Here’s an example of one of the countless thousands of questions that are still out there waiting to be answered about North American birds. I went to Texas in February (for the opening of the fantastic new Clif Moss Nature Education Center of the Corpus Christi Public Library) and I had a chance to see some Wild Turkeys nearby. As expected they had whiter tips on all the body feathers than northeastern birds, but they also seemed thinner and smaller-headed than the Turkeys that frequent my backyard in Massachusetts, and when I got home I immediately saw what the difference was.
The Massachusetts Wild Turkeys have feathering extending all the way up the neck, while the Texas Turkeys have a long stretch of the upper neck bare (here’s a quick sketch I did that first morning at home). This is logical, presumably an adaptation to the cold weather in Massachusetts, but in a quick review of some sources (the BNA account) I found no mention of neck feathering as a geographic difference. I thought maybe it was just a winter feature; maybe the Texas birds had already lost their “winter coat”, and the Massachusetts birds would lose their neck feathers for the summer. They may still do that, but as of today (2 April 2008) they look the same.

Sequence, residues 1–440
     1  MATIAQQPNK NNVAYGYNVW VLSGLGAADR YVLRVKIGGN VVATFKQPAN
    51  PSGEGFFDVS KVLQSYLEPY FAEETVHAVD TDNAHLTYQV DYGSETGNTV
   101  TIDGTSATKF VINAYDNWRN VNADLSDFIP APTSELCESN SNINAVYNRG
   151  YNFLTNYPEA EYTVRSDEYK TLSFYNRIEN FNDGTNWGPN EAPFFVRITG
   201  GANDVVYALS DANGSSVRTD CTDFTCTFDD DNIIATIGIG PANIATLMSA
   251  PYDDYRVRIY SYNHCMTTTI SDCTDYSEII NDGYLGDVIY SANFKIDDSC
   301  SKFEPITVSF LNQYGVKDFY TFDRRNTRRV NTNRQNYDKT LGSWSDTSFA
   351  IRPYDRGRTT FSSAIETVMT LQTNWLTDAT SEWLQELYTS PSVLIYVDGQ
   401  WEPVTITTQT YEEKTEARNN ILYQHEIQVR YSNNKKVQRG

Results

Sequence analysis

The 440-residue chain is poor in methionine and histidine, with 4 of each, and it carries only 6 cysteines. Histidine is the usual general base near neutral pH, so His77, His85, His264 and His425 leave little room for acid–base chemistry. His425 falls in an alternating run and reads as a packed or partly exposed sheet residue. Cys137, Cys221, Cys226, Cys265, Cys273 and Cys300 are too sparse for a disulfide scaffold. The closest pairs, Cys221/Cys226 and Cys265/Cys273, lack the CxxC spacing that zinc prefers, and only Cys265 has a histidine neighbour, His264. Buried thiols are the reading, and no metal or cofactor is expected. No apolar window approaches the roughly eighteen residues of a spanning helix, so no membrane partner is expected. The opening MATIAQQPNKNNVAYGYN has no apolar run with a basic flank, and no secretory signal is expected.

As usual, this just brings up more questions: Is this going to be true year-round? What are the patterns of variation? Do all southern birds – Florida, Texas, Arizona – lack neck feathers? Does it change gradually from north to south or is the change more abrupt? and lots more….